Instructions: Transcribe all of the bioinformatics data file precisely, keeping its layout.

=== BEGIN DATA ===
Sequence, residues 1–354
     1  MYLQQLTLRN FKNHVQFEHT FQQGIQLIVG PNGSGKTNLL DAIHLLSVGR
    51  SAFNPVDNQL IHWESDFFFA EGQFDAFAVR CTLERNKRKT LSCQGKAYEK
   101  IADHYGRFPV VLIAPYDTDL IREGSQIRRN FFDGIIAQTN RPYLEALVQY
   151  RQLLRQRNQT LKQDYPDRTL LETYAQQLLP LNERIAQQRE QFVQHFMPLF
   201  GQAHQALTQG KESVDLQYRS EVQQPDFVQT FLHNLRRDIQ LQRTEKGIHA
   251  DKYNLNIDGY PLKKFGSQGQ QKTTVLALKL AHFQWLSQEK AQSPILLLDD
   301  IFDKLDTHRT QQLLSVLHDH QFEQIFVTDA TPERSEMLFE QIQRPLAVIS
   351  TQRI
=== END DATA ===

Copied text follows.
Sequence, residues 1–354
     1  MYLQQLTLRN FKNHVQFEHT FQQGIQLIVG PNGSGKTNLL DAIHLLSVGR
    51  SAFNPVDNQL IHWESDFFFA EGQFDAFAVR CTLERNKRKT LSCQGKAYEK
   101  IADHYGRFPV VLIAPYDTDL IREGSQIRRN FFDGIIAQTN RPYLEALVQY
   151  RQLLRQRNQT LKQDYPDRTL LETYAQQLLP LNERIAQQRE QFVQHFMPLF
   201  GQAHQALTQG KESVDLQYRS EVQQPDFVQT FLHNLRRDIQ LQRTEKGIHA
   251  DKYNLNIDGY PLKKFGSQGQ QKTTVLALKL AHFQWLSQEK AQSPILLLDD
   301  IFDKLDTHRT QQLLSVLHDH QFEQIFVTDA TPERSEMLFE QIQRPLAVIS
   351  TQRI